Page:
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South Africa wants Kyoto Protocol extended

Posted by: Saving Water SA (Cape Town, South Africa) – partnered with Water Rhapsody conservation systems – 23 April 2011

South Africa, which will host the next round of United Nations (UN) climate change talks in Durban in November, said on Wednesday that the Kyoto Protocol should be extended.

Durban cannot be the death of the Kyoto Protocol

South African environment minister Edna Molewa told the media at the South African parliament in Cape Town that South Africa does not want the 17th Conference of the Parties (COP 17) to the UN Framework Convention on Climate Change to be the end of the Kyoto Protocol.

The South African government views continuation of the protocol as critical, the South African Press Association (SAPA) reported her as saying.

The Kyoto Protocol is a 1997 international agreement to reduce greenhouse gas emissions. The first commitment period of the agreement expires in 2012.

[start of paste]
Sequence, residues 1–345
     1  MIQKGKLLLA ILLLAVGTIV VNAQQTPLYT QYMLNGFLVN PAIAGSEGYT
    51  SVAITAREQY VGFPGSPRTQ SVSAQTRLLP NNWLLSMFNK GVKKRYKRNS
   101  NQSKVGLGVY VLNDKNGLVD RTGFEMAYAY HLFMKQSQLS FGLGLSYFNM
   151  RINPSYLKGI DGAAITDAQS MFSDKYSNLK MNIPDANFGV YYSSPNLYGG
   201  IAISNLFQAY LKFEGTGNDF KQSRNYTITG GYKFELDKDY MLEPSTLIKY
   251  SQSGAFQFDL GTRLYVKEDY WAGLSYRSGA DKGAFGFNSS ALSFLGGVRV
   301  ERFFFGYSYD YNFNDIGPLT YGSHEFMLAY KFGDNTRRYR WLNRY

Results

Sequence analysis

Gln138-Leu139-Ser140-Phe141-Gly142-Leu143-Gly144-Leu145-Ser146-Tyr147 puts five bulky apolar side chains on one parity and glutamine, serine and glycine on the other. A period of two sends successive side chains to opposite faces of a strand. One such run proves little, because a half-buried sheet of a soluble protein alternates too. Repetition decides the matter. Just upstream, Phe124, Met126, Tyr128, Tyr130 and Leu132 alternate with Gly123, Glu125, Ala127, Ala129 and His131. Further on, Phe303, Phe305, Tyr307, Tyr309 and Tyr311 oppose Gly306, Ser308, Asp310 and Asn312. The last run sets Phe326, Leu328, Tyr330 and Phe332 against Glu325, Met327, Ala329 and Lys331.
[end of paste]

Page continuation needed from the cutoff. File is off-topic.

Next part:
COP17 aims to build on agreements reached during COP 16 in Cancun, Mexico. It also hopes to establish a new global climate change regime.

“That period is quite critical for all of us, because in the Kyoto Protocol we carry the rules of operations, the rules of agreement, and none of us would like to lose those rules of operation,” Molewa said.

Molewa said there are very serious ongoing discussions with other countries.

However, some developed countries did not want to get into the second commitment of the Kyoto Protocol.

“We are negotiating, we are pushing hard. We believe that this is an area that we can’t leave unattended, and something’s got to come out of Durban, without having Durban being the death of the Kyoto Protocol, because that we wouldn’t want to happen,” she said.

South Africa also feels there must be a distinction between developed and emerging economies.

Molewa said emerging economies must be given the space and time to develop.

The minister also said South Africa will push harder to increase action by countries on controlling their carbon emissions.

Other issues that had “fallen through the cracks”, including carbon “equity” and the two-track commitment to actions, would also be pursued, she said.

Source:  China.org.cn

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